Middle East: how can we reduce the conflict?
Deakin researchers will investigate the role of regional actors in fuelling Middle East proxy wars, with the hope of finding ways to reduce the bloodshed.
The ongoing conflicts in Syria and Afghanistan are estimated to have led to the deaths of more than 600,000 people. In a bid to assess the impact of regional actors in these wars and understand the dynamics of how they work, Carnegie Corporation of New York has awarded a multi-year grant to Deakin University’s Professor Shahram Akbarzadeh, Dr Zahid Shahab Ahmed and Dr Dara Conduit.
The researchers are all experts in the Middle East and Central Asia, based within the Alfred Deakin Institute for Citizenship and Globalisation. They will work alongside international partners and policymakers in Afghanistan, Pakistan and the United Arab Emirates.
Professor Akbarzadeh explained that many conflicts in the Middle East have a proxy component to them. Proxy wars occur when two countries or actors within a region act on behalf of other parties not directly involved in the conflict. The ongoing wars in Syria and Afghanistan were chosen for the study because of the depth of foreign interference in each conflict, as well as the diversity of external players involved, and the longevity of each conflict.
“Regional proxy conflicts have become the most significant driver of insecurity in the broader Middle East, and external actors are fuelling the fires of conflict in Syria and Afghanistan,” Professor Akbarzadeh said.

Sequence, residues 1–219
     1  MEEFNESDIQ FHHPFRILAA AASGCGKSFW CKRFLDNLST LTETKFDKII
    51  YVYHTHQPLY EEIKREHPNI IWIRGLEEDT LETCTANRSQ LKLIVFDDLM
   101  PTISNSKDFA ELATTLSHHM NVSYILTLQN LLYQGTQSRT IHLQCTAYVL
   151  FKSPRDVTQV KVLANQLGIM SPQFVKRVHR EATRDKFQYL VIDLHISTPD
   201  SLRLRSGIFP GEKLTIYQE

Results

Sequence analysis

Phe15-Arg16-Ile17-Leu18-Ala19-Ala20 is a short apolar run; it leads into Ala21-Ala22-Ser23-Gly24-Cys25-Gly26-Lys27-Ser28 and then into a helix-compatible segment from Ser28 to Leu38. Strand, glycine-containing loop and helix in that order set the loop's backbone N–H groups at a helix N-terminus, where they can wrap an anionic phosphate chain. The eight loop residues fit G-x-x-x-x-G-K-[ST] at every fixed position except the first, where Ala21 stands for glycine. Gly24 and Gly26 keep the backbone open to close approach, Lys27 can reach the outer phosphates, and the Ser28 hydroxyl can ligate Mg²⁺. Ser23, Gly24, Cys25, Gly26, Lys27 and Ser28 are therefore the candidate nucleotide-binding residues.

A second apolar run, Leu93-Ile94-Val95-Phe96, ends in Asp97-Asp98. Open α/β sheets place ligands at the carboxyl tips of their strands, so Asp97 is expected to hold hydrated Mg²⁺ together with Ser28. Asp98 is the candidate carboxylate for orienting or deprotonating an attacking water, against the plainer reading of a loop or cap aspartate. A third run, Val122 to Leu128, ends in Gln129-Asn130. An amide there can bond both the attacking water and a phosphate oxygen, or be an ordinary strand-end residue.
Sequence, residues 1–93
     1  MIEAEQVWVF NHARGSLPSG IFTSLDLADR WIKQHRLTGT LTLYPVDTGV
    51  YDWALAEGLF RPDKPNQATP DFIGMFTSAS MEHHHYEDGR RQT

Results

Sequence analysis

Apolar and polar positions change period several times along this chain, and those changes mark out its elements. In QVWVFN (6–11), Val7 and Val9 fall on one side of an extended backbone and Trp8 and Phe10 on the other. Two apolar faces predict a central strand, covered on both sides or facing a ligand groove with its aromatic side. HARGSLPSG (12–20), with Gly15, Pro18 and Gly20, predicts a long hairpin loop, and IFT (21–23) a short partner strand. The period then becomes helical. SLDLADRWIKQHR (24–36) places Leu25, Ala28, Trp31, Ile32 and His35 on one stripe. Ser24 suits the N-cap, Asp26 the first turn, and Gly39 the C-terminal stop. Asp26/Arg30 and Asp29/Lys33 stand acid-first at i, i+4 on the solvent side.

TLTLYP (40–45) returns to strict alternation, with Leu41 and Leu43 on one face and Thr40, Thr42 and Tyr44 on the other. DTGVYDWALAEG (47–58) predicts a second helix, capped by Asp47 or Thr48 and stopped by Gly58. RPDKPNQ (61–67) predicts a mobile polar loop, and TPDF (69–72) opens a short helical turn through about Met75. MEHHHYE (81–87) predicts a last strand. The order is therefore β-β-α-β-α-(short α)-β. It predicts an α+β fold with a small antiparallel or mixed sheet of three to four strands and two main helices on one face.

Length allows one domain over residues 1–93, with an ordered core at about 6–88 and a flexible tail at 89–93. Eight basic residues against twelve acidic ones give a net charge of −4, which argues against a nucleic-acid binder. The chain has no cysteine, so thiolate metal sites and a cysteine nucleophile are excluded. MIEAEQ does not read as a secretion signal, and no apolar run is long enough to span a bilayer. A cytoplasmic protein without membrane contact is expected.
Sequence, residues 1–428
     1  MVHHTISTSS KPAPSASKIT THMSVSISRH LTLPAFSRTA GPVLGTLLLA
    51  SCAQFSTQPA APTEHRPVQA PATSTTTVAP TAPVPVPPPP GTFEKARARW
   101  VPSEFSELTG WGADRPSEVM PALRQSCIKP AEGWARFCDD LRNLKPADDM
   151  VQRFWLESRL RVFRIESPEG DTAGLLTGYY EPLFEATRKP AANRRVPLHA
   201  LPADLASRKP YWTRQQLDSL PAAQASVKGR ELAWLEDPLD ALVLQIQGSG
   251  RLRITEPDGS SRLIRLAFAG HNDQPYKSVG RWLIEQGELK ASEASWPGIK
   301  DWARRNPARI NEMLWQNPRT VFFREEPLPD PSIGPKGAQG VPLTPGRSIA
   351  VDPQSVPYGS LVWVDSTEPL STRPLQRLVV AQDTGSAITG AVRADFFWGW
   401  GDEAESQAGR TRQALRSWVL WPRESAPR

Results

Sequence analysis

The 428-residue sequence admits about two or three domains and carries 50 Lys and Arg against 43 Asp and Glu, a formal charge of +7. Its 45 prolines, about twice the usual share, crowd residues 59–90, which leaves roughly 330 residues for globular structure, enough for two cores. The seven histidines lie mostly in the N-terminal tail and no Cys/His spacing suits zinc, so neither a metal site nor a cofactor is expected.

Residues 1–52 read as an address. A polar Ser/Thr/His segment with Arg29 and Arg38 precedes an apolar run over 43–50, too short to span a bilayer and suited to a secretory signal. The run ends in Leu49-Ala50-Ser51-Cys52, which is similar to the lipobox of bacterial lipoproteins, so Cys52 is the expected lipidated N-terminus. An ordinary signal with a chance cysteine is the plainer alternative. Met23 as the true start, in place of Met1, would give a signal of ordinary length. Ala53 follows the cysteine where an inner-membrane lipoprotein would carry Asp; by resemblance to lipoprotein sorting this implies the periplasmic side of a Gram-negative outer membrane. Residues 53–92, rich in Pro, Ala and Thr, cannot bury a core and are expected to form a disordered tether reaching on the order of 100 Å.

[testimonial_text]The Syrian conflict is a bitter example of where a sovereign state and the international community have manifestly failed in their responsibilities to protect civilians from mass atrocity crimes, and where the involvement of external patrons has changed the dynamics of intra-state conflict.[/testimonial_text]
[testimonial_picture name=”Professor Shahram Akbarzadeh” details=”Alfred Deakin Institute”]
“This project will provide an important evidence-based study to help us develop a new understanding of proxy conflicts. By working with local policymakers, academics, and practitioners from these regions, we aim to shed light on the scale of external intervention and develop multilateral policy alternatives to address this dire situation and the ongoing humanitarian crises. This extensive collaboration with local partners will enhance our chances of success.”
Professor Akbarzadeh noted the proxy wars require an ambitious, whole-of-region response.
“The proxy crisis in the Middle East is larger than any one state, and patron states on their own are unlikely to change their behaviour unilaterally,” he said.
“We will draw on contacts in the Persian Gulf, South Asia, and Central Asia to advance new understandings of the evolving role of state and non-state actors. The involvement of local experts from the Arab region will support the development of viable, locally-driven policy responses to the proxy conflicts.
“It’s our goal that this project will provide the evidence and momentum required to help drive action to address this urgent area of regional security, by including policymakers as stakeholders throughout the process as a way of ensuring a sustained policy response.”
The Deakin University project, “Assessing the impact of external actors in the Syrian and Afghan proxy wars”, was made possible by an International Peace and Security grant from Carnegie Corporation of New York, and is slated to be completed in June 2020.
Main photograph (left to right): Professor Shahram Akbarzadeh, Dr Dara Conduit and Dr Zahid Shahab Ahmed.
CREDIT: Simon Fox.
Published by Deakin Research on 30 October 2018